Four Stages of Play

parentingages and stages

Developing play skills is an essential part of childhood. Through play, typically-developing children acquire the skills necessary to communicate with others, express and understand emotions, physically manipulate a variety of items of all sizes, build strength and endurance, and gain the cognitive skills to understand their world. What are the four stages of play a child goes through and how can parents understand which is which?

The Four Stages of Play For Kids

As children mature, their play skills move through four specific stages of play: solitary play, parallel play, symbolic play, and cooperative play.

Understanding Four Stages of Play - Solitary play

Solitary Play With Infants and Toddlers

The first stage of play is solitary play, which typically lasts from just a few months old until about 18 months old. During this stage, children tend to play alone or possibly with adults, with limited interest in interacting with same-age peers. They generally prefer basic cause-and-effect toys that meet their sensory needs, including those that spin, light up, and make sounds, and toys they can easily mouth. Babies and toddlers also enjoy playing games like peek-a-boo and tickles because of the cause-and-effect nature. Toys that are appropriate for this stage would include simple musical instruments (like drums, shakers, and tambourines), bead mazes, and activity boxes.

Understanding Four Stages of Play - Parallel play

Parallel Play - Side-by-Side

The next stage of play is parallel play, during which children are able to play alongside one another and may even be playing with the same toy or game, but show minimal ability to appropriately interact with one another. This generally occurs between 18 to 36 months old. At this time, basic reciprocal play skills may develop as well. This is when children begin to understand that simple play, such as passing a ball or car back and forth, can be enjoyed by multiple people simultaneously. Toys that are appropriate for this stage would include shape sorters, blocks, wooden puzzles, pull toys, and many of the fine motor activities for toddlers.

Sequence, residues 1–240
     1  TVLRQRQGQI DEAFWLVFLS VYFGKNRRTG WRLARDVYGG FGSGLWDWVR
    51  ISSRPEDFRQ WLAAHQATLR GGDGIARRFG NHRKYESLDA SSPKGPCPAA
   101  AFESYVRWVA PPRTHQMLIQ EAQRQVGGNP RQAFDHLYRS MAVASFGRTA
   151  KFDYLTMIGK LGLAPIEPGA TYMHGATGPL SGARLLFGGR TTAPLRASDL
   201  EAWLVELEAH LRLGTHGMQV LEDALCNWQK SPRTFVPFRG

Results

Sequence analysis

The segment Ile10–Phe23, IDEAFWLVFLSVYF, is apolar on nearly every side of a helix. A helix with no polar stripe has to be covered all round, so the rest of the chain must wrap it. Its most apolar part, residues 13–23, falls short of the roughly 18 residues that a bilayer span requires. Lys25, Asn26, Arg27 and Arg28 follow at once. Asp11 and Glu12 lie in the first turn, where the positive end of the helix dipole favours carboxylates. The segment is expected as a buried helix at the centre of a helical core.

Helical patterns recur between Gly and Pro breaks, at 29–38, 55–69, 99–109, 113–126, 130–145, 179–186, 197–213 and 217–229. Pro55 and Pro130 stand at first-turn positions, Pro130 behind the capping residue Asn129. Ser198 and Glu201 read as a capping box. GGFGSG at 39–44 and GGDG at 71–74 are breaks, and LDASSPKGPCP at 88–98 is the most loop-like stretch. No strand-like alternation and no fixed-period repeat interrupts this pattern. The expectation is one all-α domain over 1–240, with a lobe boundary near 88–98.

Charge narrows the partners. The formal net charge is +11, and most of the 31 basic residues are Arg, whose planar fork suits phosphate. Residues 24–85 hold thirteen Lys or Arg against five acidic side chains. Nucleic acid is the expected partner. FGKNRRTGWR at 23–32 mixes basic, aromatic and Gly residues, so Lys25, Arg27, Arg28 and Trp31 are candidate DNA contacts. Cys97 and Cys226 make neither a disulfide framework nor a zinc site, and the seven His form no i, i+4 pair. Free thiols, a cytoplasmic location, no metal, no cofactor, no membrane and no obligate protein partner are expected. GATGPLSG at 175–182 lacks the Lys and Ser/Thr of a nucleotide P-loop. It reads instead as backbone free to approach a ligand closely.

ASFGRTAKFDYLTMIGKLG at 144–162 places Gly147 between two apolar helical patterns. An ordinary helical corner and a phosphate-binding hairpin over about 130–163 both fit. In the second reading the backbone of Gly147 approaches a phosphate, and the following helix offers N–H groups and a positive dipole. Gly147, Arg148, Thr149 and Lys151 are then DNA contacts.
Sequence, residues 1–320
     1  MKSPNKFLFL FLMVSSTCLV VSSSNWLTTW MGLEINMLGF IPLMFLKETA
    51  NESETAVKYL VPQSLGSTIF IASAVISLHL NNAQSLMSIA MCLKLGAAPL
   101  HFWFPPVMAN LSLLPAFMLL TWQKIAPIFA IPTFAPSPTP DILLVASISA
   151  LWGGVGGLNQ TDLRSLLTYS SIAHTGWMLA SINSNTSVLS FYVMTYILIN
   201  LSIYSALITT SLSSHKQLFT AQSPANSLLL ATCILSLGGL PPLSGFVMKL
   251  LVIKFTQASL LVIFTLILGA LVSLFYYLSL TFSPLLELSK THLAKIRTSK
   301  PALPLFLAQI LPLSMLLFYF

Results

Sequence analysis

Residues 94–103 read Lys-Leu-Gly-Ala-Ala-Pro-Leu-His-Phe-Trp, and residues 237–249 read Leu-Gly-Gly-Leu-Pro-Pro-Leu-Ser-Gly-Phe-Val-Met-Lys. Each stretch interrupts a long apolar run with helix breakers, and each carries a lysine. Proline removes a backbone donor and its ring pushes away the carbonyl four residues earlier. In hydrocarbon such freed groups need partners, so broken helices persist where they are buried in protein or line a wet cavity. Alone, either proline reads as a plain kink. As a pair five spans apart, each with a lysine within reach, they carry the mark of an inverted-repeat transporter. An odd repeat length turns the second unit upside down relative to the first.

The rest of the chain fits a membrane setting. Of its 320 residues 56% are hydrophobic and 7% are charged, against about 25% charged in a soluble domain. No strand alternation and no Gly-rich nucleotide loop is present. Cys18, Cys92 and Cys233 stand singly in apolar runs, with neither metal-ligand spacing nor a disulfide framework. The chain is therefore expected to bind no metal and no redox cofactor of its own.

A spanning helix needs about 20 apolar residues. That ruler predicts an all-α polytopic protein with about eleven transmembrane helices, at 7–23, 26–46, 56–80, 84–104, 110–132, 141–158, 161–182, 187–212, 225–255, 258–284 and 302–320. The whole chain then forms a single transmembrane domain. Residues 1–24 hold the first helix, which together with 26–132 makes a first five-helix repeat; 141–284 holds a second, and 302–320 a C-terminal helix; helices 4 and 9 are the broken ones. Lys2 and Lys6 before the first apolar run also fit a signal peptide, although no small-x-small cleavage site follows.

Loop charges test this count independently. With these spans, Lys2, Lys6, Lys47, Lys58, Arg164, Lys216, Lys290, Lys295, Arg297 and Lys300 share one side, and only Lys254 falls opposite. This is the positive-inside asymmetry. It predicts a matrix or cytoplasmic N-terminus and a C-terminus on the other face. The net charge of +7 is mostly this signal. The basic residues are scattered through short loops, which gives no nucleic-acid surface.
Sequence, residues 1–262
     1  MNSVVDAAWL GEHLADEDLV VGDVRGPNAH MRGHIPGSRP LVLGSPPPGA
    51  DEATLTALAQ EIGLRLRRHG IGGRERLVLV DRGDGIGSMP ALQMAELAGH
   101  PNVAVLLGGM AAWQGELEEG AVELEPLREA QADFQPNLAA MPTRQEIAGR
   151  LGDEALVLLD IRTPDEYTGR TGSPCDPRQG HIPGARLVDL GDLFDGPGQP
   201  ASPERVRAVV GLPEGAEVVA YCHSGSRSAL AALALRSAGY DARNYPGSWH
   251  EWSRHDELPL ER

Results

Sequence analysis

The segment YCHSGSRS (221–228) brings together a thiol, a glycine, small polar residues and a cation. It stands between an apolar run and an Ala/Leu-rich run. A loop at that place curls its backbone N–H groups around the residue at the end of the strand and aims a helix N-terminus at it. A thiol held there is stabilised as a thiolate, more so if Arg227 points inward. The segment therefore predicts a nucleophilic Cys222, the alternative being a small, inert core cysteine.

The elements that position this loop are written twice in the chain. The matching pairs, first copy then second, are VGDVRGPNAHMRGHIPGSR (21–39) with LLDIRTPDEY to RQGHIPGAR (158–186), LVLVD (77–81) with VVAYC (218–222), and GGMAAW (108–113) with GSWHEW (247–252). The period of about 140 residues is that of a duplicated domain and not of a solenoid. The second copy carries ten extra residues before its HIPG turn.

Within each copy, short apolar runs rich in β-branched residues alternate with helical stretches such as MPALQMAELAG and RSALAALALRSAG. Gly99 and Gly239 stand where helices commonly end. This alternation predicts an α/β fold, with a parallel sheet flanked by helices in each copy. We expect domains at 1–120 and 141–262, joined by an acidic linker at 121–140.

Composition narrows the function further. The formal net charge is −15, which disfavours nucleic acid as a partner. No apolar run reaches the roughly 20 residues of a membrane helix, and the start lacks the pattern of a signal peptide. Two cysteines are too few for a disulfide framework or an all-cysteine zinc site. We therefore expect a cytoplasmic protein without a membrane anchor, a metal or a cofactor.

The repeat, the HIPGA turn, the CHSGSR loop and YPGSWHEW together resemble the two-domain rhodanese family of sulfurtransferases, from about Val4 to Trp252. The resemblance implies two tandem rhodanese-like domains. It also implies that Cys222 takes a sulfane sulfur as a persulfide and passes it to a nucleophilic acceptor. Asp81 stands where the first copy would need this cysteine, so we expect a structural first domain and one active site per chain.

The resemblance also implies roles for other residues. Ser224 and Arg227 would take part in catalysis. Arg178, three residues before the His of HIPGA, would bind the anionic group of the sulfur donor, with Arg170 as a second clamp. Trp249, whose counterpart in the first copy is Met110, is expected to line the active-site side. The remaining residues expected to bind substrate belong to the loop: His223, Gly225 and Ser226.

Understanding Four Stages of Play - Symbolic play

Symbolic Play - Preschool Play Pretend!

Symbolic play involves the use of inanimate objects to represent real-life activities, such as pretending that a basket of balls is really a basket of apples picked off imaginary trees or caring for a stuffed plush dog by giving it imaginary water and food. This stage of play occurs around three to four years old. Toys that are appropriate for this stage include baby dolls, stuffed animals, doctor kits, and dress-up clothes.

Understanding Four Stages of Play - Cooperative play

Cooperative Play - More Complex Fun

Cooperative Play is the most advanced stage of play. This is when children develop complex storylines to guide their play, occurring beyond four years of age.  At this stage, play ideas may include playing house with baby dolls, building a fort of blocks filled with action figures, or going grocery shopping and cooking meals in a play kitchen. Children at this stage are also able to play basic board games as they learn the rules of sharing and turn-taking. Toys that are appropriate for this stage include play food and dishes, fashion dolls, and action figures.

Stages of Play - Simple Guide for Parents to Understanding

Children of all ages use play to understand and imitate the world around them. Play allows children to explore, discover, and create freely within a natural learning environment.  Providing children with a variety of developmentally-appropriate toys allows them to use their imaginations limitlessly.

What stage of play do you see your kids being in?

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Dr. Carrie Wells is a college instructor, blogger, and work-at-home mother to two young children, Lydia (age 5) and Bryce (age 3). Carrie graduated from the University of Florida in 2001 with a Bachelor’s degree in elementary education and in 2002 with a Master’s degree in special education. After teaching children ages 3 – 21 with varying abilities for several years, she completed her Doctorate in special education in 2008 from Nova Southeastern University. In March 2010, Carrie began writing Huppie Mama, a lifestyle blog focusing on family, food, fun, fashion, and fitness.

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